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I am familiar with assigning a match to a variable using list context:

my ($ans) = $somevar =~ m/(somestuff)/;

But what if I want to assign a default value to $ans when the match fails? Is there a way to do this well in one expression? Preferably without a conditional operator?

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Did you mean my ($ans) = $somevar =~ /(somestuff)/;? –  Kenosis Oct 16 '13 at 20:04
Yes, thank you. –  NetMage Jul 25 '14 at 18:15

3 Answers 3

up vote 1 down vote accepted

$ans will be "default" if match fails,

my ($ans) = ($somevar =~ /(somestuff)/, "default");

Note that right side always has "default" as last element of the list, waiting to be assigned to $ans when regex fails and returns empty list.

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If the match fails, then the argument to map is an empty list. –  mob Oct 16 '13 at 20:10
@mob tnx for comment, updated –  Сухой27 Oct 16 '13 at 20:41

Perhaps the ternary operator will be helpful:

my $ans = $somevar =~ /(somestuff)/ ? $1 : 'default_val';
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You can achieve much the same result but without a capture by doing my $ans = $somevar =~ /somestuff/ ? $& : 'default_val'; instead. This is a more legible regex and closer to the OP's request (which wants to assign the match not a capture group (which he may already be using in the match). –  Danwizard208 Oct 16 '13 at 21:45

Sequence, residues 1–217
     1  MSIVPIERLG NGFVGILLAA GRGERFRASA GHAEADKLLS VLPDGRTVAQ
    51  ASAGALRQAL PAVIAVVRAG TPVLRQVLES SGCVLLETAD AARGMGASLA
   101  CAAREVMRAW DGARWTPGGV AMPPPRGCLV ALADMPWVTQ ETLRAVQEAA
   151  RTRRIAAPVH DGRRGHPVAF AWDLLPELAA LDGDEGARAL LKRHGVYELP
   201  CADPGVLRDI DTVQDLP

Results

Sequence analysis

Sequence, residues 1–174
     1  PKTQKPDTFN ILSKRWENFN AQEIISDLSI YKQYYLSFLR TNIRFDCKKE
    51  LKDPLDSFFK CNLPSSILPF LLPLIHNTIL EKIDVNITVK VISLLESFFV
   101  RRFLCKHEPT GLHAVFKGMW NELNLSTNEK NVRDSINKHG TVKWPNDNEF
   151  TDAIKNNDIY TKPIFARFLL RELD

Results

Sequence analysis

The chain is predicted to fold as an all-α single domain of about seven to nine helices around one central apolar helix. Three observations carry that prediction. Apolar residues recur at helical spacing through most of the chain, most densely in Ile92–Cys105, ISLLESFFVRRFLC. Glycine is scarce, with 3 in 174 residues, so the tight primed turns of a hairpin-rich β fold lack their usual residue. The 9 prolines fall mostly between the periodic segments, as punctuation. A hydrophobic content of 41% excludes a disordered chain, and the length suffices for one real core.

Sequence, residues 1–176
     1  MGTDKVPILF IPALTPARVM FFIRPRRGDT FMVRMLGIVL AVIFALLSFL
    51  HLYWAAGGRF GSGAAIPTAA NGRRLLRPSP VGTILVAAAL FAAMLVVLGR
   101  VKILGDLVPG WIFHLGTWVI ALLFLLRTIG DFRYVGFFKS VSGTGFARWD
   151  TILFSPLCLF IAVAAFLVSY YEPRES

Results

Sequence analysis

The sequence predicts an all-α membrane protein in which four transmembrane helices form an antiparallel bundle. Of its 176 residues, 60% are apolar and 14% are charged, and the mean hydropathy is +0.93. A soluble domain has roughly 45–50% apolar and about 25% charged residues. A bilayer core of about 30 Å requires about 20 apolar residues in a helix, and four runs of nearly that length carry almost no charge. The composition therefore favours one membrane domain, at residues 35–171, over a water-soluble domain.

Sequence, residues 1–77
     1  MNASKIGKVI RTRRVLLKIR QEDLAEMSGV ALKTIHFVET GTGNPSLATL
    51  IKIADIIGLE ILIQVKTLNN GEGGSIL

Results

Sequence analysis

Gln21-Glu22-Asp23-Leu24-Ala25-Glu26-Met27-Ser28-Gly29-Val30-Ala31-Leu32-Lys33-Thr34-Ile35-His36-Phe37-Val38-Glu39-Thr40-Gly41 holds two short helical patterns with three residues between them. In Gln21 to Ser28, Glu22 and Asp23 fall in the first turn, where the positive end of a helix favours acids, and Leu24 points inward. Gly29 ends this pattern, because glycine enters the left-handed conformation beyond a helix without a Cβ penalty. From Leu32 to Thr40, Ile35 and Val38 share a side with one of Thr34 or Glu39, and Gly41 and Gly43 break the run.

@Danwizard208 - The use of $& is deprecated in favor of ${^MATCH} (Perl v5.10+) with the /p modifier, as using $& "...anywhere in a program imposes a considerable performance penalty on all regular expression matches." Source: perlvar. In the case above, the capture is the match, it doesn't incur the performance penalty imposed by using $&, and it is clearly 'legible.' Note, also, that it's quite evident that the OP intended to use a capture. –  Kenosis Oct 16 '13 at 21:58
When I said conditional operator, the ternary operator was what I was trying to avoid. –  NetMage Jul 25 '14 at 18:08
my ($ans) = "${somevar}default" =~ m/(somestuff|default)/;

Don't actually do this.

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+1 for actually answering without a conditional operator (?:,||, etc.) as the OP requested. –  Danwizard208 Oct 16 '13 at 21:43
Well, the | in the regular expression is a conditional. –  mob Oct 16 '13 at 22:39

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